The real problem in Britain…and elsewhere

Bad as the riots in Britain are, what’s most worrisome is the apparent lack of any ideas in the British establishment that could actually make such riots less likely in the future. The Tories seem vacuous, and Labour says, as ever, “The same! But more!”

The Blair years saw lots of trumpeting of “the stakeholder society,” but the proliferation of government benefits and the swelling ranks of immigrants and native-born Britons who simply cash their government checks and opt out of civil life made the state the only stakeholder that counted, with intermediate organizations shrinking dramatically (like the suicidal Church of England). Of course, for people to have an actual stake, they need actual property that they’ve earned and wish to maintain or even expand. A lumpen disdain for work combined with the old aristo contempt for being “in trade” have made the generation of wealth in Britain slightly suspicious. And they’ve now reached Mrs. Thatcher‘s famous point at which there’s no one else’s money left to spend.

The answer that American conservatives propose is, more or less, eighteenth-century Anglo-Scottish liberalism which is the basis of the American constitutional order and the starting point of things like Austrian economics.

The problem is that it is not at all clear that these ideas have much of a natural constituency outside of the English-speaking world nor, increasingly, within it. They are counter-intuitive, do not satisfy the passions, and can only really work when based on certain preconditions—an understanding of law as an independent, consistent means for neutrally arbitrating disputes, the idea that property must be protected, etc. Given the state of modern technology, the sole alternative is some flavor of statism (from social democracy to fascism to communism), unless your society fails comprehensively and you descend into the kind of anarchy that pockmarks the Third World.

The British have deliberately tailored much of their criminal law and social institutions away from these old understandings in the name of benevolence and egalitarianism, and in doing so have, among other things, robbed now-dependent classes of any chance of a meaningful existence. The thinking was surely that “freedom from want” would inspire a virtual Athenian agora of vibrant culture and people. The deliberate ignoring of flawed human nature, much less the fact that most people tell the story of their lives by what they accomplish and what they fail at, have left whole swaths of their subjects (for they’re no longer citizens in any meaningful sense) adrift in sybaritic anhedonia, enslaved to their degrading vices, and incapable of conceiving of life as a meaningful pursuit.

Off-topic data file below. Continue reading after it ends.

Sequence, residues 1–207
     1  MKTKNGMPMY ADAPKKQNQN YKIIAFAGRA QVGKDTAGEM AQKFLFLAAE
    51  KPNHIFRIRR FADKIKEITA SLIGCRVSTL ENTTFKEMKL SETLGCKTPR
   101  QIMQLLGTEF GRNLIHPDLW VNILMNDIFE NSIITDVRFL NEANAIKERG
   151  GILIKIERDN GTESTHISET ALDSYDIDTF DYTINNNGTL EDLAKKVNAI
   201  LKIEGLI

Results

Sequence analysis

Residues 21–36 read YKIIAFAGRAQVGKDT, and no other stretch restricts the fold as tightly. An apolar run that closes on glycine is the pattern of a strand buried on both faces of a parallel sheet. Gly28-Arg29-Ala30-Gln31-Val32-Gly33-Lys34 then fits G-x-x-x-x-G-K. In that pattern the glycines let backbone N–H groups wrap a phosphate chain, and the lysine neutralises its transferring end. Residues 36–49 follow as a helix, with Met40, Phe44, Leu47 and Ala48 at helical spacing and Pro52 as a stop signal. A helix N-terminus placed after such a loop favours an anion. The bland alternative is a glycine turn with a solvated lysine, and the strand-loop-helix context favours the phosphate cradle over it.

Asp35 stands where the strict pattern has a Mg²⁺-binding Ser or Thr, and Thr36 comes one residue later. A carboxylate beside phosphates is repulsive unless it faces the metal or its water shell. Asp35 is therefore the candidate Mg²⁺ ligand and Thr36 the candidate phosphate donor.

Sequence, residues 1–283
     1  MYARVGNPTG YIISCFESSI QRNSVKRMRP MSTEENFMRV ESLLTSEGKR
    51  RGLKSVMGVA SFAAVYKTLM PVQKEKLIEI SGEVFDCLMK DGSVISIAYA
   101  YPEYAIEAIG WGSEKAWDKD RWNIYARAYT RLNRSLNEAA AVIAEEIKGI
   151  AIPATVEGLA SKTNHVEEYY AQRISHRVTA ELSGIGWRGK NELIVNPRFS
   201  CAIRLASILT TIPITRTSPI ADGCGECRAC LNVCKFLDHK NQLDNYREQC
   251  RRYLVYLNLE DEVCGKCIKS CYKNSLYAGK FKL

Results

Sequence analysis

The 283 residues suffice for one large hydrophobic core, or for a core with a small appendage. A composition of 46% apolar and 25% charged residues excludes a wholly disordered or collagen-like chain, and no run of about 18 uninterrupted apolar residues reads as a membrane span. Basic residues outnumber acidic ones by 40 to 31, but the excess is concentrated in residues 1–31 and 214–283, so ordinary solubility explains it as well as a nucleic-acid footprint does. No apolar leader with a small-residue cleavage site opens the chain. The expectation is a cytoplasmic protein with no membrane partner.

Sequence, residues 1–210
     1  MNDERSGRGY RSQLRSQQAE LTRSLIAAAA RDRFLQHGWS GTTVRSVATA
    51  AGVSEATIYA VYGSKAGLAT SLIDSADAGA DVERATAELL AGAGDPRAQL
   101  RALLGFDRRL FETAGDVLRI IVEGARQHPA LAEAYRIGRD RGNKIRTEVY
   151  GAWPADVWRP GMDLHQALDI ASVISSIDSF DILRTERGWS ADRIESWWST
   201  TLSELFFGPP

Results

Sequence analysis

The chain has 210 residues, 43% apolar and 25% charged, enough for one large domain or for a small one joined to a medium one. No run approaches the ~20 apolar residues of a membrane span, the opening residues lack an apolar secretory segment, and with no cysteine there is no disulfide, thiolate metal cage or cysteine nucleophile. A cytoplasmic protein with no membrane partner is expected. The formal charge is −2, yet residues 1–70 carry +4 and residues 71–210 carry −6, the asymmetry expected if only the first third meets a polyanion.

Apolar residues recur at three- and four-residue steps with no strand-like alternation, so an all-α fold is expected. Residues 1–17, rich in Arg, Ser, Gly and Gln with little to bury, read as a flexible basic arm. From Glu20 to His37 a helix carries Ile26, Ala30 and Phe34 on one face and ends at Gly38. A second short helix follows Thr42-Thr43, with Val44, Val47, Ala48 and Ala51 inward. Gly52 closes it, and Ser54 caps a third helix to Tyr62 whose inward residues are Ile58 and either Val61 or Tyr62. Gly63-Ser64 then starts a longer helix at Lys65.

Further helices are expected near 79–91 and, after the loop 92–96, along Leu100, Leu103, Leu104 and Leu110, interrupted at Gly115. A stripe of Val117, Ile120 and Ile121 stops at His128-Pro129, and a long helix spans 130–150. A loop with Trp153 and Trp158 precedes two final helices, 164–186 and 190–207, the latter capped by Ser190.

To be sure, gross and painful poverty is not a new thing—indeed, it was the lot of most city dwellers for the last few hundred years, until quite recently. Much of nineteenth-century London was horrible beyond its worst slums of today. What helped those people gain a sense of meaning in their lives? For many, it was John Wesley’s brand of low-church, evangelical Christianity. Alas for today’s Britain, the same people who shaped its society into its current dysfunction have also done an excellent job in convincing its populace that religion is either a few trivial rituals for which one goes into a church, or nonsense.

Would it be possible to re-moralize Britain to the levels of, say, the 1950s or 1960s? In theory, yes. But in practice, is there much chance of it? It doesn’t seem likely, and the rooting out of Christianity in the country has intentionally discarded the most useful tool for doing so. Of course, Britain could spontaneously re-moralize under the auspices of Islam à la Robert Ferrigno’s dystopian novels of the Islamic States of America, but that is improbable as well.

What’s likely? One hates to say it, but while there’s famously a lot of ruin in a nation, there’s not an infinite amount, and the current riots—and worse, the British establishment’s paralysis and cluelessness in their face—seem to betoken Britain’s reaching the end of their surplus “ruin.” Could the nation that built the modern world remake itself? One suspects and wishes so, but around then, one realizes that he’s whistling and passing a graveyard…

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